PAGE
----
The average cost of solar installed on rooftops and at major power plants in the United States continues to fall, a drop largely driven by a decrease in module costs, according to a report by the Department of Energy's Lawrence Berkeley National Laboratory.
The annual Tracking the Sun report, which examined more than 208,000 solar photovoltaic systems installed between 1998 and 2012, found the average installed price of solar PV in 2012 fell by a range of $0.30 per watt to $0.90 per watt, or about 6 percent to 14 percent from the previous year, depending on the size of the system.
The median installed price of PV systems completed in 2012 was $5.30 per watt from residential and commercial systems smaller than 10 kilowatts in size. It was $4.60 per watt for commercial systems of 100 kW or more in size. Utility-scale systems registered even lower prices. Prices for systems larger than 10,000 kW ranged from $2.50 per watt to $4 per watt.
The precipitous fall in module prices was responsible for much of the drop in total system costs, the report says. Module prices fell by $2.60 per watt from 2008 to 2012, representing roughly 80 percent of the drop in total PV system prices in installations that were 10 kW and smaller.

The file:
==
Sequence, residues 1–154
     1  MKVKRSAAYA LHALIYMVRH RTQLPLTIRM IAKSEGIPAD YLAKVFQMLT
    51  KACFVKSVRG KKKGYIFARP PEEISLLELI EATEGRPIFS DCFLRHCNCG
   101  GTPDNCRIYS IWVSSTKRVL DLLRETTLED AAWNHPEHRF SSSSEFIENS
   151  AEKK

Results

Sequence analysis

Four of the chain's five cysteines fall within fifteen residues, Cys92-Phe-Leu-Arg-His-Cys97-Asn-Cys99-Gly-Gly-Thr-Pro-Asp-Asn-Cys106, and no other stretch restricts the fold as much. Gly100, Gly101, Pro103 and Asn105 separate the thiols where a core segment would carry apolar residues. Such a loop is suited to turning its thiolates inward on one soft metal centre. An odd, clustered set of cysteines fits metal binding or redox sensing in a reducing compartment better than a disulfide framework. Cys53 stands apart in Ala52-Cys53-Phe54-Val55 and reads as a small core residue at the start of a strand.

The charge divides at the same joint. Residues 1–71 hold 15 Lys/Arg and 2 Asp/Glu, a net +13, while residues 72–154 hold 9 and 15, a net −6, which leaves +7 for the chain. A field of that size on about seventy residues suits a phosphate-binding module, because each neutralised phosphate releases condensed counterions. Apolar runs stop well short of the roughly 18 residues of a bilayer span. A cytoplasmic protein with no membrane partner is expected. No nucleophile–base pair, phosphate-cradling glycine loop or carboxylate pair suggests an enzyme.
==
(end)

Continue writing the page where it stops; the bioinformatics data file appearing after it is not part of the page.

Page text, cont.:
Keep in mind, the report focuses on the installed price of PV. Meaning, the upfront price paid by the homeowner or business prior to receiving incentives.
This is the third consecutive year PV system costs have fallen significantly in the U.S., according to the report's co-author Galen Barbose. And it appears that trend will continue this year as well. PV system prices in California fell an additional 10 percent to 15 percent in the first six months of 2013, the report says.
Meanwhile, cash incentives provided by states and utilities have fallen substantially over time, offsetting much of the installed price reduction from a customer perspective, the report says. The median pre-tax value of cash incentives in the report's sample declined by an amount equivalent to 50 percent to 150 percent of the corresponding drop in installed systems.
One final note: U.S. solar prices still lag behind other countries, including Italy, Germany and Australia. Check out the graphic for a comparison.
Graphics: Department of Energy's Lawrence Berkeley National Laboratory
This post was originally published on Smartplanet.com